Diet and Activity
The wood turtle is an omnivorous, opportunistic feeder. It feeds in or out of water and consumes leaves, flowers, and fruit of a wide range of herbaceous and woody plants (including violets, strawberries, willows, raspberries, and dandelions). They will also eat fungi, grasses, snails, slugs, insects, earthworms, eggs, and carrion. In spite of their slow and deliberate habits they also are able to eat young rodents. Behaviors associated with earthworm hunting (“earthworm stomping”) by this species have been extensively described. The turtle extends one foreleg, raises the front of its body, and then releases its support causing the front of the plastron to crash onto the soil surface. This behavior is repeated in regular patterns that may go on for thirty minutes or more. The ground vibrations are thought to draw earthworms to the soil surface where the turtle readily consumes them.

The wood turtle is diurnal but is especially active in the morning and evening. It spends a great deal of its day basking near its stream and is described as a good “cold weather” turtle that is quite efficient in heating itself in the sun and avoiding excessive heat loss. Its active season runs from April until October. Each turtle tends to stay in a home range of two to fifteen acres although some individuals may travel in their streams for considerable distances. Hibernation occurs either under water (at depths of three feet or so), in muddy burrows, in rests under logs or roots, in pools, in muskrat nests or beaver lodges, or even along the stream bank under the forming ice.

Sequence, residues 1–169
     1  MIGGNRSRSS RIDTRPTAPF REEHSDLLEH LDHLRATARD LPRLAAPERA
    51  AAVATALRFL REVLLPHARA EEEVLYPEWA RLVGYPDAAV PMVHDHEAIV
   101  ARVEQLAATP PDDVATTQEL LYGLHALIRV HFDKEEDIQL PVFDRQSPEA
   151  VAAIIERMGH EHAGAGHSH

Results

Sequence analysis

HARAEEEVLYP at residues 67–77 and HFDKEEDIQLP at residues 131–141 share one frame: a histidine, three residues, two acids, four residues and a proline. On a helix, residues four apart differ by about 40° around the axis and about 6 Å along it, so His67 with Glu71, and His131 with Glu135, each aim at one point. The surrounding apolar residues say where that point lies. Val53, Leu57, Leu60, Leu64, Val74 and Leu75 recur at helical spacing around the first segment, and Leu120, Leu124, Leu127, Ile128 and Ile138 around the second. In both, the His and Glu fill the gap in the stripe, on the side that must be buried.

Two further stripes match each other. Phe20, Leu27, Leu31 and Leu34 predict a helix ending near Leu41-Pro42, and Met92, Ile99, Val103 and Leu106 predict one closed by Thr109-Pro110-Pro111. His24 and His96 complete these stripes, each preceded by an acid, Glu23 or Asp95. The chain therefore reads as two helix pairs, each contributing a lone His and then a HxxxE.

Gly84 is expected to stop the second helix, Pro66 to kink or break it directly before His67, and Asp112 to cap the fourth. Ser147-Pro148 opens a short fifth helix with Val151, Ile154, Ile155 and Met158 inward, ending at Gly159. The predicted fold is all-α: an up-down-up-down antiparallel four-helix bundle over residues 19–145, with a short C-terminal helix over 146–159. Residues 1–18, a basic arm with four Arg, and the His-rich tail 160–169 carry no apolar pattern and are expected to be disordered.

Mating and Reproduction
Both male and female wood turtles display aggressive dominance behaviors toward members of the same sex and aggressive mating behaviors toward members of the opposite sex. Actual mating may occur on land or in the water. Mating may occur anytime during the active season but is more likely in the spring than in the fall. Females make their nests primarily in early June through late July. A sandy, moderately sloping, non-vegetated site, near a stream, three or so feet above the water line are ideal nesting sites. Particularly optimal sites may be used by a specific female year after year. The nest chamber is four inches wide and at least three inches deep. Clutch sizes range from five to fifteen eggs with ten being average. After laying the eggs, the female covers and obscures the nest and then leaves. Most eggs do not hatch. Nearly eighty percent of wood turtle eggs are consumed by raccoons and much of the remaining twenty percent by other nest predators (like shrews, skunks, and foxes). Incubation of the unconsumed eggs takes 47 to 69 days depending on the temperature and moisture conditions of the nest site. The eggs hatch in September and the young turtles (1 to 1 ½ inches in length, circular carapaces, dark brown color) seek aquatic habitats where they survive almost exclusively as predators. Wood turtles reach sexual maturity between 14 and 20 years of age and may live up to 50 years even in the wild (a captive wood turtle lived to 58 years of age).



Nature Trail Logo

The Pennsylvania State University ©2002 

Creative Commons License This site is licensed under a Creative Commons License. View Terms of Use.

This page was last updated on October 8, 2013  

Thank you for visiting Penn State New Kensington.